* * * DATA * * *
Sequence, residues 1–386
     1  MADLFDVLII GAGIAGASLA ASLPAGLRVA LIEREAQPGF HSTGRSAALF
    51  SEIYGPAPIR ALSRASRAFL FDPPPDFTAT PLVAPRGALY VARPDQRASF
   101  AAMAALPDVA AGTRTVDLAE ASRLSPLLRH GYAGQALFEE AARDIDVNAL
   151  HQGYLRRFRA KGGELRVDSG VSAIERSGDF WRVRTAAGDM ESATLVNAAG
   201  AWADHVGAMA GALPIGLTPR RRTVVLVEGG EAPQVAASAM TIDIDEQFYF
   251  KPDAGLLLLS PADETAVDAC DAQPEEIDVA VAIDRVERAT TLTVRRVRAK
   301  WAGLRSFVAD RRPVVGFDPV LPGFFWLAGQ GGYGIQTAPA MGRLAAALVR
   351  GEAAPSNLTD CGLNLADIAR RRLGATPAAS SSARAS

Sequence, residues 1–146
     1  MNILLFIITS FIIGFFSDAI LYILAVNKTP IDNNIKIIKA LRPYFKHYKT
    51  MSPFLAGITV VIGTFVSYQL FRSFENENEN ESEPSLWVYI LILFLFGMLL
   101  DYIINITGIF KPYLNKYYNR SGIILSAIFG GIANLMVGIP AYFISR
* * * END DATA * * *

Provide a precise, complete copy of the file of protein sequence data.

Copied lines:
Sequence, residues 1–386
     1  MADLFDVLII GAGIAGASLA ASLPAGLRVA LIEREAQPGF HSTGRSAALF
    51  SEIYGPAPIR ALSRASRAFL FDPPPDFTAT PLVAPRGALY VARPDQRASF
   101  AAMAALPDVA AGTRTVDLAE ASRLSPLLRH GYAGQALFEE AARDIDVNAL
   151  HQGYLRRFRA KGGELRVDSG VSAIERSGDF WRVRTAAGDM ESATLVNAAG
   201  AWADHVGAMA GALPIGLTPR RRTVVLVEGG EAPQVAASAM TIDIDEQFYF
   251  KPDAGLLLLS PADETAVDAC DAQPEEIDVA VAIDRVERAT TLTVRRVRAK
   301  WAGLRSFVAD RRPVVGFDPV LPGFFWLAGQ GGYGIQTAPA MGRLAAALVR
   351  GEAAPSNLTD CGLNLADIAR RRLGATPAAS SSARAS

Sequence, residues 1–146
     1  MNILLFIITS FIIGFFSDAI LYILAVNKTP IDNNIKIIKA LRPYFKHYKT
    51  MSPFLAGITV VIGTFVSYQL FRSFENENEN ESEPSLWVYI LILFLFGMLL
   101  DYIINITGIF KPYLNKYYNR SGIILSAIFG GIANLMVGIP AYFISR